In the aftermath of a divorce, most everyone needs to be around those they love and who love them. For many of us, that includes our four-legged family members. It’s no wonder that so many couples battle vigorously during the divorce proceedings over custody and visitation of their pets.
If a custody battle over children goes before a judge, that judge is required to consider what’s in the bests interests of those children in making custody and visitation decisions. Generally, the same doesn’t apply with pets. That’s because under the law they are considered property.
This year, Alaska became the first state to implement a law that requires courts to consider “the well-being of the animal” when deciding custody and visitation matters. The Animal Legal Defense Fund called the legislation “groundbreaking and unique.”
In a further recognition of the role that animals play in our families, the Alaska law also lets courts include pets in domestic violence protective orders.
Now Rhode Island State Rep. Charlene Lima, who represents Cranston, is hoping that our state will follow suit. She’s introduced legislation that would require judges to consider the animals’ best interests when determining custody in a divorce case.
Of course, rarely is custody determination simple — whether your children have two legs or four. As Rep. Lima notes, “I would assume that they would look at a lot of the factors they do in custody of a child: where is the best place for it to live? Who has been the primary caretaker? Who exercises the pet and who the pet feels comfortable with?” Often, as with children, split custody may be the best option.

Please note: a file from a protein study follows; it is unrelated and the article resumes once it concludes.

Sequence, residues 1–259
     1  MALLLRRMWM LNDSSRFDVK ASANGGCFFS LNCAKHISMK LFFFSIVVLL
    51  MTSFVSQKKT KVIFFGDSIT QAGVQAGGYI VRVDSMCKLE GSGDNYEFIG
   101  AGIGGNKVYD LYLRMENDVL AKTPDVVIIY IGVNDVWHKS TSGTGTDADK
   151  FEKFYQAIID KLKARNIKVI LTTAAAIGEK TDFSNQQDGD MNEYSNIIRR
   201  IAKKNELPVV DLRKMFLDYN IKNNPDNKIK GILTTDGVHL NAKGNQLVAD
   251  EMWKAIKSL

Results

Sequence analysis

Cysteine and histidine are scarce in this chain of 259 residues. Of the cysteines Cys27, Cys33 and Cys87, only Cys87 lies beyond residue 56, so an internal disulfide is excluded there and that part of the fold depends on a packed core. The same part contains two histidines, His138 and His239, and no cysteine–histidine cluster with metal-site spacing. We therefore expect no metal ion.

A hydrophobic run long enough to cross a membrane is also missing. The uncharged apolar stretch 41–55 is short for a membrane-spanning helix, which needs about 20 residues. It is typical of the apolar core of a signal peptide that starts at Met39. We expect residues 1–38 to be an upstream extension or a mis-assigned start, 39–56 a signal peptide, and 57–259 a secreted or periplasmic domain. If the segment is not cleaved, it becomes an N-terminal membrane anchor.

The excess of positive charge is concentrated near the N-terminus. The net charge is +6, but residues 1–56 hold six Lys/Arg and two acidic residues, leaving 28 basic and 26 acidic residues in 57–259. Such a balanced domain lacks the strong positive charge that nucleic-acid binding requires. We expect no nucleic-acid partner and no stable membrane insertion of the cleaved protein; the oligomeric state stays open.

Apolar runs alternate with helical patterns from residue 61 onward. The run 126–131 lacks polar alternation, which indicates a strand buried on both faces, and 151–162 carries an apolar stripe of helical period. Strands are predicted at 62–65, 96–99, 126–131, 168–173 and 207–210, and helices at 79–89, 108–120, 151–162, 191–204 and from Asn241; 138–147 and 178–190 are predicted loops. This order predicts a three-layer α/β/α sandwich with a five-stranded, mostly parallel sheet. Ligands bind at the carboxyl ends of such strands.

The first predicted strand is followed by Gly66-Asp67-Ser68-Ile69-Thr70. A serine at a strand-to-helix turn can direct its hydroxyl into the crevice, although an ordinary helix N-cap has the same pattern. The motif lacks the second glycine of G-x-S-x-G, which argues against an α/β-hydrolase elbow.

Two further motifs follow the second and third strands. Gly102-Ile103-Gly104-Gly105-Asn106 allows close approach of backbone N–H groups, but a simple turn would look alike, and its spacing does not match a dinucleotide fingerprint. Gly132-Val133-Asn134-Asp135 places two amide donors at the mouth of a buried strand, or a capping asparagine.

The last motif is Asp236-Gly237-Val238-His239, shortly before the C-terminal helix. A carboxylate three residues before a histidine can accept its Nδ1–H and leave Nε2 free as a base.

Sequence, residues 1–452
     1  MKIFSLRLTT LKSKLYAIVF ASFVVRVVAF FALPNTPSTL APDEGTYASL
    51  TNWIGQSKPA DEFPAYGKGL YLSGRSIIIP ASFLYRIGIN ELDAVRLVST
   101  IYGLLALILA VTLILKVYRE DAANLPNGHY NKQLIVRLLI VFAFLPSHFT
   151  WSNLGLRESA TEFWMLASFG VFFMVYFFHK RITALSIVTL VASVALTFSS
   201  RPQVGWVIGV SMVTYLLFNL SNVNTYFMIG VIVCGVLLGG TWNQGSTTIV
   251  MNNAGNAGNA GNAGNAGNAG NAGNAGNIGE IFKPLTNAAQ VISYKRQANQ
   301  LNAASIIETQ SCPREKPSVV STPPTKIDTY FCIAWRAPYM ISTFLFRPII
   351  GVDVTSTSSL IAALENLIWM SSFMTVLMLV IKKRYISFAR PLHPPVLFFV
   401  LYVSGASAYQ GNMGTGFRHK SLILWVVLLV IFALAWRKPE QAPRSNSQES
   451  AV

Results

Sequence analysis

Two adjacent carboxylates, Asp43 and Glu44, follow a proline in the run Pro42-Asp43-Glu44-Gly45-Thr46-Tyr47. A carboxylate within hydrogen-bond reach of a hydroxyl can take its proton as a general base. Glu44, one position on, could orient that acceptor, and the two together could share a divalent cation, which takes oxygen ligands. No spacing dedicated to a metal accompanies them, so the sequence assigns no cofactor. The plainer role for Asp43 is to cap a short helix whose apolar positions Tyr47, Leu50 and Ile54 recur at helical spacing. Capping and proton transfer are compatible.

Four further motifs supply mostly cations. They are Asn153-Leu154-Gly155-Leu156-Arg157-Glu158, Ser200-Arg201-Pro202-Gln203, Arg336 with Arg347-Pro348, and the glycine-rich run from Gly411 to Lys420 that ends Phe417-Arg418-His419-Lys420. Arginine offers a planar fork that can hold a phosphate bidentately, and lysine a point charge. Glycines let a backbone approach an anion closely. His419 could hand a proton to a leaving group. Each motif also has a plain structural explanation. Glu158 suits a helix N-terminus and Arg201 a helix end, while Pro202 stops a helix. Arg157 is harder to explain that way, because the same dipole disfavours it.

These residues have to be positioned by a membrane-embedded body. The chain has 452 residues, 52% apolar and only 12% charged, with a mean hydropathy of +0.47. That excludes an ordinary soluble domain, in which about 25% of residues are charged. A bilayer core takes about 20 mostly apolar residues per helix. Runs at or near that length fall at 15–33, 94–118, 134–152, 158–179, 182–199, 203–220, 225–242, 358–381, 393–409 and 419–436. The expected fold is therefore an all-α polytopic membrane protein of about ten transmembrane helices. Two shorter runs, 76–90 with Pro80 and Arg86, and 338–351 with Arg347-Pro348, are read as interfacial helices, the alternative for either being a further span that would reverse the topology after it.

This wouldn’t be the first bill championed by Lima or other Rhode Island lawmakers to improve the lives of animals here in Rhode Island. In fact, the ALDF ranks us fifth among all states in our animal protection laws.
If you and your spouse can’t work out custody and visitation arrangements for your pets on your own and you need to take the matter to court, your Rhode Island family law attorney can help you present your case as effectively as possible to help ensure the best outcome for you and your animals.
Source: Providence Journal, “Bill seeks to give pets a voice in R.I. divorce cases,” Patrick Anderson, Feb. 28, 2017